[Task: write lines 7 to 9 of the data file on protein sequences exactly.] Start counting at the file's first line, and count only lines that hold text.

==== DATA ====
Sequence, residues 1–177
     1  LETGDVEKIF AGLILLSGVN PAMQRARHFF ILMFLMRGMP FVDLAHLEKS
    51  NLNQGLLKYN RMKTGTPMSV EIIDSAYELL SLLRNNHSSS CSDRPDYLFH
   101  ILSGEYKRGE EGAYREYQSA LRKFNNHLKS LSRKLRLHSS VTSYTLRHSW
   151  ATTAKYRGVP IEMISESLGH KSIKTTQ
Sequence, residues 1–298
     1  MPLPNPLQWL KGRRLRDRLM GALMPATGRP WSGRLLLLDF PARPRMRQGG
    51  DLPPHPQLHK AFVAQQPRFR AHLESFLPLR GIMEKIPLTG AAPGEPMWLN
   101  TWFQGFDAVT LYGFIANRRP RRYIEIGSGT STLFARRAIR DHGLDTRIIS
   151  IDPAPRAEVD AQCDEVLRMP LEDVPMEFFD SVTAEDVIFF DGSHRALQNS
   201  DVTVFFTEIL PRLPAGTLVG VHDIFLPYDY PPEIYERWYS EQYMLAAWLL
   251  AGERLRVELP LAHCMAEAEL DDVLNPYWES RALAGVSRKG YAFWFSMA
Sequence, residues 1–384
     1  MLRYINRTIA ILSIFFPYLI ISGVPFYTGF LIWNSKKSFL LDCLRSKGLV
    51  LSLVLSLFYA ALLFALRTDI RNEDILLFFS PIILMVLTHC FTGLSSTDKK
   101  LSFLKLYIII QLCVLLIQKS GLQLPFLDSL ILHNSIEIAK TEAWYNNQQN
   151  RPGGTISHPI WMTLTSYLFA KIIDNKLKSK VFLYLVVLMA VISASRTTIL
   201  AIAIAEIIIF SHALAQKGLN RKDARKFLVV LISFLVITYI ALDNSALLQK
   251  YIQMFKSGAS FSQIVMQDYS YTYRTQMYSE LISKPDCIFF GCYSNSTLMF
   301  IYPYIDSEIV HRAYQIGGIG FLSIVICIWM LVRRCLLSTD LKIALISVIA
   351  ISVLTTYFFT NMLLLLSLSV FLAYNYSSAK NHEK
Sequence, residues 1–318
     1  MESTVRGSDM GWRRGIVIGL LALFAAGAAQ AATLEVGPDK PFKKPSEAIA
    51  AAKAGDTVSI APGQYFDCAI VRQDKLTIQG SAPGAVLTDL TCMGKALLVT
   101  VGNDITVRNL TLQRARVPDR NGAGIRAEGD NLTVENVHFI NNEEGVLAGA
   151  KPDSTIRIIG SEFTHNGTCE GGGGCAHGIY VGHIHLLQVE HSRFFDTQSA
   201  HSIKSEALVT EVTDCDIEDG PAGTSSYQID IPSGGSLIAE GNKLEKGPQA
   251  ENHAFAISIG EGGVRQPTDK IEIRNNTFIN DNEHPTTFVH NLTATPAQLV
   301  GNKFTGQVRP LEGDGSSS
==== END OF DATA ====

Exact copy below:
     1  MPLPNPLQWL KGRRLRDRLM GALMPATGRP WSGRLLLLDF PARPRMRQGG
    51  DLPPHPQLHK AFVAQQPRFR AHLESFLPLR GIMEKIPLTG AAPGEPMWLN
   101  TWFQGFDAVT LYGFIANRRP RRYIEIGSGT STLFARRAIR DHGLDTRIIS